While economically nothing has changed when entities adopt NZ IFRS 16 (i.e. it is just a change in accounting treatment), the adoption of NZ IFRS 16 can “mechanically” result in an immediate erosion of headroom - and consequentially, potentially give rise to impairment.
Differences between the WACC rate and the discount rate used under NZ IFRS 16
Prior to NZ IFRS 16, the lease payments were reflected in the DCF as operating expenses, and were therefore being discounted at the WACC rate.
Now, under NZ IFRS 16, these same lease payments are:
i. Removed from the DCF’s operating expense cash outflows (that are discount by WACC)
ii. Included in the determination of the RoU Asset recognised (that are discounted by the associated cost of additional debt).
This results in both an increase to the discounted net cash flows, and the asset carrying amounts to be supported.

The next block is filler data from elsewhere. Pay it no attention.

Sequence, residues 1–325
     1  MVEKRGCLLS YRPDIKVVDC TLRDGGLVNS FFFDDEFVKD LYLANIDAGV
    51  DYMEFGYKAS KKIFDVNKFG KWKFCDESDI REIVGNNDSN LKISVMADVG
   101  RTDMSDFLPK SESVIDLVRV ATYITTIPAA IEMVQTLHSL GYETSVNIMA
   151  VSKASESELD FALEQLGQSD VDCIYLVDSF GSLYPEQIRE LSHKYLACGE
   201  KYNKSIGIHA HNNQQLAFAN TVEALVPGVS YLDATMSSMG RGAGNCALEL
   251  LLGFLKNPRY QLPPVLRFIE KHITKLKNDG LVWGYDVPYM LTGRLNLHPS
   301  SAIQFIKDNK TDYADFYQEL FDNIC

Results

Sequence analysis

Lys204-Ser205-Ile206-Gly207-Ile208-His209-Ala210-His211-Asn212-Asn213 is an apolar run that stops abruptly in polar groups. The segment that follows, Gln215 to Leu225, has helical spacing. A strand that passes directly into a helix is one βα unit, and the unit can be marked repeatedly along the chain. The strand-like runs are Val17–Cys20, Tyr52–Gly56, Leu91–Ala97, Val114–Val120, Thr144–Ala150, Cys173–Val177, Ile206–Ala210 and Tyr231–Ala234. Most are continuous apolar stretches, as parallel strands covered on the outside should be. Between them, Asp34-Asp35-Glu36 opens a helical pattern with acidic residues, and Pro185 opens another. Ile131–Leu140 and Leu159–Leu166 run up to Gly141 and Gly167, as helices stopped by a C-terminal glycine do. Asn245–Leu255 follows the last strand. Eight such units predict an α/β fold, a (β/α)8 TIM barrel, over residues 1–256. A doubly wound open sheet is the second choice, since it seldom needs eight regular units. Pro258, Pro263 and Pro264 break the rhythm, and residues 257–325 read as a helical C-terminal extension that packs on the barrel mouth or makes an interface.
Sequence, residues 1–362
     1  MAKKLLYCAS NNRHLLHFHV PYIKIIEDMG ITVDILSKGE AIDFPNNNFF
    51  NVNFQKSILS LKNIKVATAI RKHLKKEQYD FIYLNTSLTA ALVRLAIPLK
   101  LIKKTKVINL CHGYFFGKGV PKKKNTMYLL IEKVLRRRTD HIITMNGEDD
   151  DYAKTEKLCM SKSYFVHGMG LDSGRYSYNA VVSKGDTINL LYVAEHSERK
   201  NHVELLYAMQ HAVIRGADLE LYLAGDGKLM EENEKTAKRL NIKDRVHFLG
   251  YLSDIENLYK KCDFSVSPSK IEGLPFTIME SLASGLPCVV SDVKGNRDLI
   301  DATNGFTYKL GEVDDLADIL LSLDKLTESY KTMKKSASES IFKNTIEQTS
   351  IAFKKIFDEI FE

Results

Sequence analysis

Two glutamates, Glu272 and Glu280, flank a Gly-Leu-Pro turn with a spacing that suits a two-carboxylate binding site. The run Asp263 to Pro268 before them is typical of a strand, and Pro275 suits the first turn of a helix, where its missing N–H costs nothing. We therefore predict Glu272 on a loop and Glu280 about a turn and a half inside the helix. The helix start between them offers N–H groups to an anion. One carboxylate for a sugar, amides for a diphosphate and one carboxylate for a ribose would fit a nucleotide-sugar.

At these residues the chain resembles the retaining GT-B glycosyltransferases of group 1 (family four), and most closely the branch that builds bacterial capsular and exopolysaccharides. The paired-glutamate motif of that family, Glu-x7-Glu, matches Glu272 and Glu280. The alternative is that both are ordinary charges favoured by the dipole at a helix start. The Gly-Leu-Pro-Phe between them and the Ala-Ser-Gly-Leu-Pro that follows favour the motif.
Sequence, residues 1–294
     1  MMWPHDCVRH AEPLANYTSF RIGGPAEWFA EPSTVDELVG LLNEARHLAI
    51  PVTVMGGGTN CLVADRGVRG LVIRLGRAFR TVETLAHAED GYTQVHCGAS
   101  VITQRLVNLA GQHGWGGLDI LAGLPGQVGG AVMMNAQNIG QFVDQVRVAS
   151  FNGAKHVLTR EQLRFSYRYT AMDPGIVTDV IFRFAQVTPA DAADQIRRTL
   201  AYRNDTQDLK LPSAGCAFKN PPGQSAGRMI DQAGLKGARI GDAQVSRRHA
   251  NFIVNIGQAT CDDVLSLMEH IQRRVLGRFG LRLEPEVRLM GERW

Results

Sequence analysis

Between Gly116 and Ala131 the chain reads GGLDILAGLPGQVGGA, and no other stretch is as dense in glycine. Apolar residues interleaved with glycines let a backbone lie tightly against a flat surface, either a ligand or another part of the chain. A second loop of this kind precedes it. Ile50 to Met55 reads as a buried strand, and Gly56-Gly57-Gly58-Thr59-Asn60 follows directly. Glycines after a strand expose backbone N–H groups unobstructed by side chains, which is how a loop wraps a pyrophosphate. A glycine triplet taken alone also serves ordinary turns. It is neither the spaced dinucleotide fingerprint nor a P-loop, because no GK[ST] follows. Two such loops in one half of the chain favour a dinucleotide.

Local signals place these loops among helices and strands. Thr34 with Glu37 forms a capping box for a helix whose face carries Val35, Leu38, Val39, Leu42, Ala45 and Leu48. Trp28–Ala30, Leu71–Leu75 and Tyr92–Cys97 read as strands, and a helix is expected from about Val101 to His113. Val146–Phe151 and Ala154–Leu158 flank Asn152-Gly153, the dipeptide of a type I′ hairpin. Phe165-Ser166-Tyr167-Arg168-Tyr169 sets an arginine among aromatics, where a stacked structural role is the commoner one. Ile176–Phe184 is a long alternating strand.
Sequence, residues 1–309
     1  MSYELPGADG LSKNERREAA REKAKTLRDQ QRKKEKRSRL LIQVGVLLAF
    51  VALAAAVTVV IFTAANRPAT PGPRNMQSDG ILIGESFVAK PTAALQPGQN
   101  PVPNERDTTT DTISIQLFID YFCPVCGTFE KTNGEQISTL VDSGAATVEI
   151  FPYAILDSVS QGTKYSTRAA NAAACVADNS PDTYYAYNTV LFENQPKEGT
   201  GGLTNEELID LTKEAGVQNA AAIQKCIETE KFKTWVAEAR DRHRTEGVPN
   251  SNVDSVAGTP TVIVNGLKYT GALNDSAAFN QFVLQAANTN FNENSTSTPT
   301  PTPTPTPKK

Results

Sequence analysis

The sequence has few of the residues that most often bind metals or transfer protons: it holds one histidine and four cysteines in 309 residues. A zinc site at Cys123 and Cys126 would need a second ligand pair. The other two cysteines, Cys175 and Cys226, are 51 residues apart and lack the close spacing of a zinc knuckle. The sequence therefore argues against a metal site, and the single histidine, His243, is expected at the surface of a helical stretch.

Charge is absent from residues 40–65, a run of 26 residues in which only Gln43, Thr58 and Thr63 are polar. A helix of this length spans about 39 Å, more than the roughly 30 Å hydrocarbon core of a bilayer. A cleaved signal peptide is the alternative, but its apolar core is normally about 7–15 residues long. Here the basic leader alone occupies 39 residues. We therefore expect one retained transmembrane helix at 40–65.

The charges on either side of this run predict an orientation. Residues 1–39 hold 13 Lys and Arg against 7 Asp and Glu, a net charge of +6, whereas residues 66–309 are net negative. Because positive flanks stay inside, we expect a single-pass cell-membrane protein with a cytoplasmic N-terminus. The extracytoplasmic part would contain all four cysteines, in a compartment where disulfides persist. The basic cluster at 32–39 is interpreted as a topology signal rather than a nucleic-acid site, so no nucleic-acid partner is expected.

However, because the net cash flows are discounted at a higher rate (i.e. the WACC rate, which incorporates the higher costs attached to equity (refer section 6. above))), the increase in discounted cash flows is lower than the increase in assets to be supported by those discounted cash flows.
||$10,000 per year
|Increase in free cash flows:
||$34,331 (PV of $10,000 over 5 years at 14%)
|Increase in assets:
||($39,927) (PV of $10,000 over 5 years at 8%)
ii. Method used to adopt NZ IFRS 16
If an entity has used the Modified Retrospective Method to adopt NZ IFRS 16, together with that added practical expedient to simply set the RoU Asset equal to the Lease liability at adoption date, then the RoU Asset will technically be artificially higher than it otherwise would be (refer to our previous Cheat Sheets for further information).
Adding to the asset base in this way will inherently erode into previous headroom, all other things being equal.
 The entity’s incremental borrowing rate (IBR).